[a] final hearing is defined as `that stage of proceedings relating to the determination of a suit upon its merits as distinguished from those of preliminary questions.' The granting of a Summary Judgment wherein all issues are settled is an appealable order. The Summary Judgment in this case disposing of all issues being appealable constitutes a final hearing within the intent and meaning of 28 U.S.C. § 1923(a) and as such the allowance of a $20.00 Docket Fee upon final hearing by the Clerk was proper.64 F.R.D. at 96 (internal citations omitted) (emphasis added).
Although this Court is not aware of any circuit that has specifically addressed this issue in a published opinion, in Meador-Bey v. Jones, No. 92-2379, 1993 WL 76228 (6th Cir. Mar. 17, 1993), cert. denied, ___ U.S. ___, 113 S.Ct. 3019, 125 L.Ed.2d 708 (1993), cited by defendants in their motion to tax costs, the Sixth Circuit considered the pro se prisoner's challenge to the district court's decision granting defendants' motion to tax costs. In Meador-Bey, the district court granted defendants' motion for summary judgment on the plaintiff's 42 U.S.C. § 1983 Eighth Amendment claim. On appeal, the plaintiff argued that the defendants were not entitled to $20.00 on the "nominal attorney fees" for trial or final hearing, because his complaint was disposed of on summary judgment. Id. at **1. In affirming the district court's decision awarding that amount, the Sixth Circuit found the plaintiff's challenge to be "without merit," stating:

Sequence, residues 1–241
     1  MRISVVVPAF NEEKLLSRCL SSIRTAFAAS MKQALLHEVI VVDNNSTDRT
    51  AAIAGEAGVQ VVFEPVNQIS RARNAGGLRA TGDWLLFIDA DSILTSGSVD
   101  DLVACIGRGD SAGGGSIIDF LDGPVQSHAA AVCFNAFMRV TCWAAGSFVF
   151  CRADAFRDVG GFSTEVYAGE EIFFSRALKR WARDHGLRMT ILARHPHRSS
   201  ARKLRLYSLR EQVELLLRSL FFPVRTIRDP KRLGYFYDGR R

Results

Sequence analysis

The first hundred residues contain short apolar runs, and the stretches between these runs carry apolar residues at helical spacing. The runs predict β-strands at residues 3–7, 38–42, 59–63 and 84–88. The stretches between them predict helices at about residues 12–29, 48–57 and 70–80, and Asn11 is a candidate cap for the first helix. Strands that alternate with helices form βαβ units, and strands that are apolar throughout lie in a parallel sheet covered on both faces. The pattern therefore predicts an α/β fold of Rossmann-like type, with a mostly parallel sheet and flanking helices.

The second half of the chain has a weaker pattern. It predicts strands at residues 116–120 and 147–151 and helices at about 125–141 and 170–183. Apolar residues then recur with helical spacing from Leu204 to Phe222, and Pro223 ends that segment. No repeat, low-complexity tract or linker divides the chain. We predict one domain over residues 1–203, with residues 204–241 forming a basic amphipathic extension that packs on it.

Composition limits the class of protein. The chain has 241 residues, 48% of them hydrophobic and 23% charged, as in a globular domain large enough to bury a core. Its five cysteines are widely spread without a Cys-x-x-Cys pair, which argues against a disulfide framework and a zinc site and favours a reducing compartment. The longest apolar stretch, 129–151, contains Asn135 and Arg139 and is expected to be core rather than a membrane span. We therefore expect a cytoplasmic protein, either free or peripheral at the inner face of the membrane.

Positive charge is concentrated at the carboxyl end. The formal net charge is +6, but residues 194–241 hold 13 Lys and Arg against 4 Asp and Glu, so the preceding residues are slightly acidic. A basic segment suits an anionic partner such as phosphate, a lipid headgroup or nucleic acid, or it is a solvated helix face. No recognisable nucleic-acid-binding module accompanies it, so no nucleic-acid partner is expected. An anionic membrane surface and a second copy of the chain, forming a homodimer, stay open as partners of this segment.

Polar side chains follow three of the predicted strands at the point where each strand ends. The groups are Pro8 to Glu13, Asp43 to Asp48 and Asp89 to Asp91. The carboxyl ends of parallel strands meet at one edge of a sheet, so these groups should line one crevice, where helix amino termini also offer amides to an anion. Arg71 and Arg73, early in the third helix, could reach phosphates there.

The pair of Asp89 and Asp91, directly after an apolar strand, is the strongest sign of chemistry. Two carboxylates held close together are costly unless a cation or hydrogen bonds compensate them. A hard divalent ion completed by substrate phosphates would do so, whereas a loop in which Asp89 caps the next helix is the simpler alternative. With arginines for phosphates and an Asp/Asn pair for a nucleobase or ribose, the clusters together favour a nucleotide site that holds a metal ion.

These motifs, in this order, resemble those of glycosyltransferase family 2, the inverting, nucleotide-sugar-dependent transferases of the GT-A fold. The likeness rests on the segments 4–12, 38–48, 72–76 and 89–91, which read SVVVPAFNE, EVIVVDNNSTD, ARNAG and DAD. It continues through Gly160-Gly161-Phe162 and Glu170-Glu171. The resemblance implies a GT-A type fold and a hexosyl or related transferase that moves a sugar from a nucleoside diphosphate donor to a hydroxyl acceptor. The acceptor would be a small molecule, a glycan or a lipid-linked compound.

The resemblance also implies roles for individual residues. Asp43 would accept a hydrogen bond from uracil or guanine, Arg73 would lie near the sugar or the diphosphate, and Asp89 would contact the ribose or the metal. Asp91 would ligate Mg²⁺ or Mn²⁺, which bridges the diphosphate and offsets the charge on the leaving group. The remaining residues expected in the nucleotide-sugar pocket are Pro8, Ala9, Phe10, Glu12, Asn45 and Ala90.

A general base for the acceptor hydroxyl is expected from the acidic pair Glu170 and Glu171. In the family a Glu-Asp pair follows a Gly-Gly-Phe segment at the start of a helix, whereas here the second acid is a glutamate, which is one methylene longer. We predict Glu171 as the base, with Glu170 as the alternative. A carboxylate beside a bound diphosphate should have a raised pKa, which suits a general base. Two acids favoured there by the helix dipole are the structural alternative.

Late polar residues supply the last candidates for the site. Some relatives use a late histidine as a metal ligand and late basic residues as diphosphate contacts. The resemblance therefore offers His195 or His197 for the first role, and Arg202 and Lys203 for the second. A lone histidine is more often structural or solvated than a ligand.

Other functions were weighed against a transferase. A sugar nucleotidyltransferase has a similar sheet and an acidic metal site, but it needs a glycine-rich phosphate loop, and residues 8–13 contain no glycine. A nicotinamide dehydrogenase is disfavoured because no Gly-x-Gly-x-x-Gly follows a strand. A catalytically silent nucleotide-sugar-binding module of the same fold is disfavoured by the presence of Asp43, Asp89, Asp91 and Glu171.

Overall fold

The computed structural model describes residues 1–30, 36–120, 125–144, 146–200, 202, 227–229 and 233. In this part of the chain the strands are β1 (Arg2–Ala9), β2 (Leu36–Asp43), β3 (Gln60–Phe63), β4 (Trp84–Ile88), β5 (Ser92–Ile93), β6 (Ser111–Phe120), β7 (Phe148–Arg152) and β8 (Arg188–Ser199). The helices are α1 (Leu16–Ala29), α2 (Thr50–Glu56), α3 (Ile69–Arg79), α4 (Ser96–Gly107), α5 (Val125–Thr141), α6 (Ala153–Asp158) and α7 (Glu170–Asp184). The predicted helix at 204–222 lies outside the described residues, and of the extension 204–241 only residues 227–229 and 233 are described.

[a] final hearing under 28 U.S.C. § 1923(a) has been defined as "that stage of the proceedings relating to the determination of a suit upon its merits as distinguished from those of preliminary questions." Mikel v. Kerr, 64 F.R.D. 93, 96 (E.D.Okla. 1973), aff'd, 449  F.2d 1178 (10th Cir. 1974). Because the grant of summary judgment in this case disposed of all issues on the merits and was an appealable order, it constituted the result of a "final hearing" within the meaning of § 1923(a) allowing the taxation of the attorney's docket fee as awarded. Id.Id.
Another unpublished opinion by the Sixth Circuit demonstrates why the $5.00 "motion for judgment" option of § 1923(a) is inapplicable in this case. In Miller-Bey v. Hosey, No. 93-1700, 1994 WL 43454 (6th Cir. Feb. 14, 1994), the pro se plaintiff filed a civil rights claim under § 1983. The district court dismissed one defendant for lack of prosecution and the remaining defendants on summary judgment. Subsequently, the defendants moved for costs, which the district court granted. On appeal, the Sixth Circuit found that: